of the Local Volume extending to 10 Mpc, the relation between
the difference of radial velocities |V1 V2| and spatial separations
|R1 R2| was shown in CNG (Karachentsev et al. 2004). The
behaviour of the median difference |V1 V2| versus |R1 R2|
demonstrates approximately the same value |V1 V2| 100 km s 1 within
|R1 R2| < 1 Mpc and systematic increase up to 250 km s1 with
the increasing of the spatial separations to 3 Mpc. For the 77 nearest
galaxies with known radial velocities and distances within 3 Mpc,
this relation is shown in Fig. 6. Here, the LG members (N = 47)
and the galaxies around the LG (N = 30) are denoted as open and
filled circles, respectively. Although there are not so many galaxies
considered, the precision of their distances (typically 0.12 Mpc) is
much higher than for more distant CNG. In general, the features are
seen to be the same as in the CNG sample: a virial region with |V1
V2| 100 km s 1 for |R1 R2| < 1 Mpc and then a smooth increase
of the pair-wise velocity differences with the increase of separations
because of the contribution of the Hubble component. To a first
approximation, the kinematics of the LG and its neighbourhood look
to be typical of the more extended Local Volume.
5 T H E T O TA L M A S S O F T H E L O C A L G R O U P In the standard flat cosmological model with -term and matter component, it takes a form
MT = (2/8G)R03H02/f 2( m),
f ( m) = (1
m)1 ( m/2)(1
arccosh[(2/ m) 1].
Therefore, for the radius of the zero-velocity surface as R0 = 0.96
0.03 Mpc, the total mass of the LG turns out to be MT = (1.88
0.18) 1012 M . Let us compare this value with estimates of the
LG mass from the orbital motions of the MW and M31 companions.
The list of properties of the nearest groups of galaxies
(Karachentsev 2005) yields M(MW) = 0.94 1012 M and
M(M31) = 0.84 1012 M as an average of virial and orbital
estimates for the subsystems around the MW and M31. Later
estimates of the masses for the subsystems with newly found dwarf
galaxies taken into account give M(M31) = 0.71 1012 M
(Geehan et al. 2006), M(M31) = 1.1 1012 M (Tempel, Tamm
& Tenjes 2007), M(MW) = (1.1 0.2) 1012 M (Xue et al.
2008), all being not so different from previous estimates. The
total mass of the LG, found by using the motions of satellites, lies
within the range M(MW + M31) = (1.62.2) 1012 M , which
is consistent with the total mass of the LG from the motions of the
30 surrounding galaxies.
It should be noted, however, that the LG mass estimate based
on so-called timing argument (Kahn & Woltjer 1959) gives a
6 C O N C L U D I N G R E M A R K S
The recent data on radial velocities and distances for nearby galaxies
demonstrate the regularity of the Hubble flow around the LG on
scales of 13 Mpc around the LG centre. The mean-square velocity
of chaotic motions along the line of sight is about v = 25 km s1
after reduction for uncertainties of the radial velocity and distance
measurements. Approximately, the same low-amplitude peculiar
motions are seen around other neighbour groups (Karachentsev &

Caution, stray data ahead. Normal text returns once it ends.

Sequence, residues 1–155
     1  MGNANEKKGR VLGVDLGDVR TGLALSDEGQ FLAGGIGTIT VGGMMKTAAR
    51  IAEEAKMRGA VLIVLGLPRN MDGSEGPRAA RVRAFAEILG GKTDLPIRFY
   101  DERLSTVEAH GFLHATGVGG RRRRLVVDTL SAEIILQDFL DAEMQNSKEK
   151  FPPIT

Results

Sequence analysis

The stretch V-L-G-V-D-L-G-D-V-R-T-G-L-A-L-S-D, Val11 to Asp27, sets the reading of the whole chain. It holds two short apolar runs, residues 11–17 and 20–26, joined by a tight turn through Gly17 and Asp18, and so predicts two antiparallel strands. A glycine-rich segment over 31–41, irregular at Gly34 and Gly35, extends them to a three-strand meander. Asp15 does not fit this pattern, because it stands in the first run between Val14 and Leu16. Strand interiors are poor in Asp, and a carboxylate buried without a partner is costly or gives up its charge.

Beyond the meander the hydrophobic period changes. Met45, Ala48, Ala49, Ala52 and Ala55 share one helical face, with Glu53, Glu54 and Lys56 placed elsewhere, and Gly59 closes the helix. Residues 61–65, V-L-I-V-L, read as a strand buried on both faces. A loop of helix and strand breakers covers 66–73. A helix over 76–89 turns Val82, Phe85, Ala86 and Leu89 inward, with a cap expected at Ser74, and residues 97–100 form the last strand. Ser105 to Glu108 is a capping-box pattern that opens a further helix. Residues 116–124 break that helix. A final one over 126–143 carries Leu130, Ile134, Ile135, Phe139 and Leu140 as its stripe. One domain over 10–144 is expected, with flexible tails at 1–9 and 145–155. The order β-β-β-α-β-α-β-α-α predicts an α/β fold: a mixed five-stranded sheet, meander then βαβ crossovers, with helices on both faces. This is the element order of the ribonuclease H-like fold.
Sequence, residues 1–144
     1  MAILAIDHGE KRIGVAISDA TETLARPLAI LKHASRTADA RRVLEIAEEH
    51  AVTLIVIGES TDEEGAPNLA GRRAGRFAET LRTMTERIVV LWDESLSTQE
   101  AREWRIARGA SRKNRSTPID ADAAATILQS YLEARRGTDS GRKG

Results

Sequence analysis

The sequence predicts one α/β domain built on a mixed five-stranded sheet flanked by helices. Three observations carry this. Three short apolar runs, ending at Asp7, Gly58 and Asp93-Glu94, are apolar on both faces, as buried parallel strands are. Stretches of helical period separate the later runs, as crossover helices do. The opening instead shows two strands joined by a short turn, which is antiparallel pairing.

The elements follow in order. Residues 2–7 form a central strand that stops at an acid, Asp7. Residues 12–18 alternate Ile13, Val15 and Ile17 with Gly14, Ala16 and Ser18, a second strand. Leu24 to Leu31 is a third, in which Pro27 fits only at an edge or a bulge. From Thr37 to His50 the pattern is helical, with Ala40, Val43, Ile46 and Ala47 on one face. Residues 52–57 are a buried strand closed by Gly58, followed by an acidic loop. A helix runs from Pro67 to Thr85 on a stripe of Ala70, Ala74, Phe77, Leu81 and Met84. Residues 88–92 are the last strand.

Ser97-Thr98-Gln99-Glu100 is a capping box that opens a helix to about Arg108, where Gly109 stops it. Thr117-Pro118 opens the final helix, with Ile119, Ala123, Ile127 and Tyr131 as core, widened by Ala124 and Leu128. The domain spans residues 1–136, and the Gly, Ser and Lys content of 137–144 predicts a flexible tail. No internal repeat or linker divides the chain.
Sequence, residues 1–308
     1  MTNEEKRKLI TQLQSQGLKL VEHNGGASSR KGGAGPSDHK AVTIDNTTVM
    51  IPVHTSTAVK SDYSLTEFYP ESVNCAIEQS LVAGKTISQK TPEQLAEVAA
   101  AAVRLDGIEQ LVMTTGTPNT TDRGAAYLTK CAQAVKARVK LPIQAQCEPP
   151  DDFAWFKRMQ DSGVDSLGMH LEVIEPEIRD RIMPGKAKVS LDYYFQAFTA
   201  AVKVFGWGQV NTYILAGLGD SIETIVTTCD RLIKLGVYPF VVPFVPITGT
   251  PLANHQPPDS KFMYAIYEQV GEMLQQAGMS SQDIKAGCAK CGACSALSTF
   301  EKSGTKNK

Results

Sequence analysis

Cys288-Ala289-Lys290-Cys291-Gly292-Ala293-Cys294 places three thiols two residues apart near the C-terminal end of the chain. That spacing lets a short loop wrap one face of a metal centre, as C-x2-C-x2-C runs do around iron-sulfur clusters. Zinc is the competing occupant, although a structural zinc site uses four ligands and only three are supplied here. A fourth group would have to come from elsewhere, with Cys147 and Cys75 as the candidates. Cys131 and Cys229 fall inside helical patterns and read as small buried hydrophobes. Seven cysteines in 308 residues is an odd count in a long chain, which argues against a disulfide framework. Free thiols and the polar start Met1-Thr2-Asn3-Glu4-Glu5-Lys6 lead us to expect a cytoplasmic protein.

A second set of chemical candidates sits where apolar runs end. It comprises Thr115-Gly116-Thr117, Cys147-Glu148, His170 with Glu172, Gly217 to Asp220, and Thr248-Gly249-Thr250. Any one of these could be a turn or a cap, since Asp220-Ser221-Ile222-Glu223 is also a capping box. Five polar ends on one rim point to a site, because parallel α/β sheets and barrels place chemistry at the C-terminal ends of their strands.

Kashibadze 2006). The dispersion of radial velocities of the centres
of these groups is also of the same order, 25 km s1, (Karachentsev
2005) and is about three times lower than the typical dispersion of
virial motions inside the groups. Finally, the peculiar velocity of
the LG itself with respect to nearby galaxies is found to be about
24 km s1.
According to Peebles (1980), a typical amplitude of peculiar
velocity Vpec on a scale of H0r relates to the average density of
matter m and the deviation in density from the mean as
Vpec = (H0r/3) 0m.6(1+ | |)1/4,
where the last term takes non-linear correction into account (Yahil
1985). According to Karachentsev et al. (2004) and Karachentsev
& Kutkin (2005), the density excess (found by the luminosity in K
band) in the sphere of 3 Mpc radius around the MW is = 4.5
0.5. Assuming m = 0.24, one can find Vpec/H0r = 0.416 on the
scale considered. For H0 = 73 km s1 Mpc1 and r = 3 Mpc, the
expected three- and one-dimensional peculiar velocities are 91 and
53 km s1, respectively. The observed chaotic motions of the
galaxies along the line of sight (25 km s1) are half of the expected ones
(53 km s1).
Systematic searches for new nearby galaxies and measuring their
distances and velocities allowed us to find the radius of the
zerovelocity surface for the LG with an accuracy of 0.03 Mpc, which
leads to uncertainty of the total mass of the LG within 1 Mpc of
around 10 per cent. This high precision is due to three main factors:
(1) the reliability of measuring individual distances via the TRGB
method with typical error of 7 per cent (Rizzi et al. 2007); (2) the
coldness of the local Hubble flow with a typical thermal velocity
v = 25 km s1 on the scales of 13 Mpc and (3) a large enough
number of galaxies in the distance region of (13)R0.
Among 77 galaxies with known radial velocities inside the sphere
of 3 Mpc radius, 30 of them (i.e. 39 per cent) are located outside
the hot virial region of the LG. This ratio may be important for
an understanding of cosmic structure formation on the scale of
AC K N OW L E D G M E N T S
This work was supported by RFBF grants 07-02-00005,
RFBFDFG 06-02-04017 and HST grant for the programs GO 10905 and
R E F E R E N C E S